Mates for life: Two Gentoo penguins keeping warm.
Two Gentoo penguins mating during a snow storm
Penguins watching the ocean during a snow storm
Chinstrap penguin trying to stay warm with his colony
A Gentoo penguin defends its next from a skua.
Chinstrap penguins charging into the water at Deception Island, Antarctica
Chinstrap penguin retrieves a rock to woo a mate.
Elegant Gentoo penguin.

Whales: They appear without notice and leave just as quickly. As beautiful as they are spontaneous, they are difficult to photograph and exciting to watch.

Humpback whales fluking in Foyn Harbor, Antarctica
Whale fluking at Deception Island, Antarctica

Orcas: Followed the ship just to figure out what it is. We spotted a group of rare “Type D” Orcas (shown below) that have only been spotted in nature 13 times since they were discovered in 1955.

Rare Type D Orcas Spotted in the Wild

The Continent: When no person is moving and the snow stops crunching under your feet, there is the most deafening silence you’ll ever know. The landscapes are vast and dramatic. The weather changes from clear to stormy within minutes.

Sunrise at Half Moon Island Antarctica
Warm weather and a dramatic landscape at Port Lockroy, Antarctica
Snowshoeing back to our zodiac boat at Pleneau Bay, Antarctica.
Full moon as we pass through the Lemaire Channel
View point of Whalers Bay after a long snowshoe trek at Deception Island
Abandoned whaling station at Whalers Bay, Deception Island

Icebergs and Sea Ice: The ice is dynamic and moves quickly. Icebergs glow like emeralds below the water. They play an important part in Antarctica’s ecosystem, from the microorganisms and krill in the water all the way up the food chain.

Adelie penguins drifting at sea on an iceberg
Adelie penguins on an iceberg as we pass them on our ship, the Ocean Nova
Adelie penguins dive off an iceberg into Antarctic waters
Zodiac cruising through the Christiania Islands
Zodiac cruising through the Christiania Islands
Iceberg in Foyn Harbor, Antarctica
Icebergs at Portal Point, Antarctica

Seals, Sea Birds, and Other Critters: They go about their business as if humans aren’t even a factor. Something I’ve never witnessed before in the wild.

A Blue-Eyed Shag
A skua patrolling for food. Deception Island, Antarctica.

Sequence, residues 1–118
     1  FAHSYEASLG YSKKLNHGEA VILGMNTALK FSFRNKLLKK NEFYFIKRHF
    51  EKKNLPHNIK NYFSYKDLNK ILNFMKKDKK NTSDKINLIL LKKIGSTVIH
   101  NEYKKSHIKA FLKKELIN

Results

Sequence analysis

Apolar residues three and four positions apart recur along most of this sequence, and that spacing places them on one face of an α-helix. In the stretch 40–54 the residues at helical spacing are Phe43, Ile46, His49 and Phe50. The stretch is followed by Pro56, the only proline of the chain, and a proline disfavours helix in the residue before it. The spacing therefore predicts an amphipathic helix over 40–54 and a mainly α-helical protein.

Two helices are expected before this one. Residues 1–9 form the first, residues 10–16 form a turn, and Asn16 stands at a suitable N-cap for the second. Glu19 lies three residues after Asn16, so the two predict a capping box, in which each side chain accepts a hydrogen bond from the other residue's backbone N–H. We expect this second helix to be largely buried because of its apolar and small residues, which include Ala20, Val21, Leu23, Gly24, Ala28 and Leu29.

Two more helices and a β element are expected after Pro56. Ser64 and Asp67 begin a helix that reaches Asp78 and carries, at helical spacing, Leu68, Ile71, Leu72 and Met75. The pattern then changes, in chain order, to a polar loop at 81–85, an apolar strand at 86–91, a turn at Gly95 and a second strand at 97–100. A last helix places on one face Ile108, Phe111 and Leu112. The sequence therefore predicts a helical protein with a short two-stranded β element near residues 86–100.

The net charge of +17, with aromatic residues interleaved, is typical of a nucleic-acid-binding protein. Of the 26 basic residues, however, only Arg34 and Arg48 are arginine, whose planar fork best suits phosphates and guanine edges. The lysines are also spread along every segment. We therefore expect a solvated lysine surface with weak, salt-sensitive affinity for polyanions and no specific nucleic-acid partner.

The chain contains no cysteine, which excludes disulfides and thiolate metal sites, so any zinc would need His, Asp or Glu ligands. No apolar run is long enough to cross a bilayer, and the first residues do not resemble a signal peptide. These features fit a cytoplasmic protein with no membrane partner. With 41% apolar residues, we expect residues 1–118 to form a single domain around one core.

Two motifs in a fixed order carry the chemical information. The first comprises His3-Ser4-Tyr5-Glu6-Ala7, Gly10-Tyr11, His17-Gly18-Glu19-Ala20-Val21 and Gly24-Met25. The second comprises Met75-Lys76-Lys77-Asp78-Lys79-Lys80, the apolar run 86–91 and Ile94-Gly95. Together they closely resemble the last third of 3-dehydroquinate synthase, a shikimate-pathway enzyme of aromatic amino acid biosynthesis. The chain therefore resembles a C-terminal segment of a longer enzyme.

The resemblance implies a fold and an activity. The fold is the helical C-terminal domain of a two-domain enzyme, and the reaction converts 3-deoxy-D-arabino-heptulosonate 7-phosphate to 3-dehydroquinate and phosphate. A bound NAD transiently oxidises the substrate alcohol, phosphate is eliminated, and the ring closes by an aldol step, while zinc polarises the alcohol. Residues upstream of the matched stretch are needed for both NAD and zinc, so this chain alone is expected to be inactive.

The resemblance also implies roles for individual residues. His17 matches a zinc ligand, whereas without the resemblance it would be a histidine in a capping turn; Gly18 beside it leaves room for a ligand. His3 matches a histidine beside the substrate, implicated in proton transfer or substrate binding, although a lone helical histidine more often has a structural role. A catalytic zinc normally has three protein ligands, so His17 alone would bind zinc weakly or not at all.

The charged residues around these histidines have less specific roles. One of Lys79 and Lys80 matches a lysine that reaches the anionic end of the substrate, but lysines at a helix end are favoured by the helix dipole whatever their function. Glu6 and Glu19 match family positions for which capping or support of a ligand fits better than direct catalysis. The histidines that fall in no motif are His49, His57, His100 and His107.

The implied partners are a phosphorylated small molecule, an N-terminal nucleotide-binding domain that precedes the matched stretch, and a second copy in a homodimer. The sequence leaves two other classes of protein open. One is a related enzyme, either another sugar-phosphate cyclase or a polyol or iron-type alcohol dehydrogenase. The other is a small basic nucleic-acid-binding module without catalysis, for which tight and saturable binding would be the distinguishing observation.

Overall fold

Wandering Albatross, largest wingspand in the world, flying in the Drake Passage
Weddell Seal waking up from a nap at Portal Point, Antarctica.

Personal Project: 24 Hours in San Francisco

This has been a very busy year with new clients and some amazing opportunities, but it’s been increasingly difficult to make time for personal projects, which are an important part of growing as a photographer and developing a creative skill set. On my recent trip to the SF bay area, I was determined to come up with a personal project that would push me to think outside the box in terms of lighting and composition.

The below series of images is a departure from my usual work as an event, headshot, and commercial photographer and attempts to see the common place through new eyes while recreating the feeling of being face-to-face with the subjects.

All these images were made during a 24-hour window on August 25 and 26, 2015, during which I walked throughout San Francisco asking strangers if I could make a portrait of them.

Everyone I approached were generally willing and kind. Some of them I spoke with for only a minute – the longest conversation lasted a full hour after I made his portrait. This personal project reminded me the value of walking with nowhere in particular to be and making conversation with complete strangers.

Ten of these images are currently hanging as 60×15 inch prints in Flying Fish Coffee in the Mt. Pleasant neighborhood of Washington, DC. None of the images are for sale.

Note: If anyone who was photographed is looking for a copy of their image, I plan on emailing it to you. I’m currently on travel and have not yet finished editing all the images or emailing them out. Thanks for your patience!

San Francisco Portrait Project
San Francisco Portrait Project
San Francisco Portrait Project
San Francisco Portrait Project
San Francisco Portrait Project
San Francisco Portrait Project
San Francisco Portrait Project
San Francisco Portrait Project
San Francisco Portrait Project
San Francisco Portrait Project
San Francisco Portrait Project
San Francisco Portrait Project
San Francisco Portrait Project
San Francisco Portrait Project
San Francisco Portrait Project
San Francisco Portrait Project

Corporate Conference Professional Headshots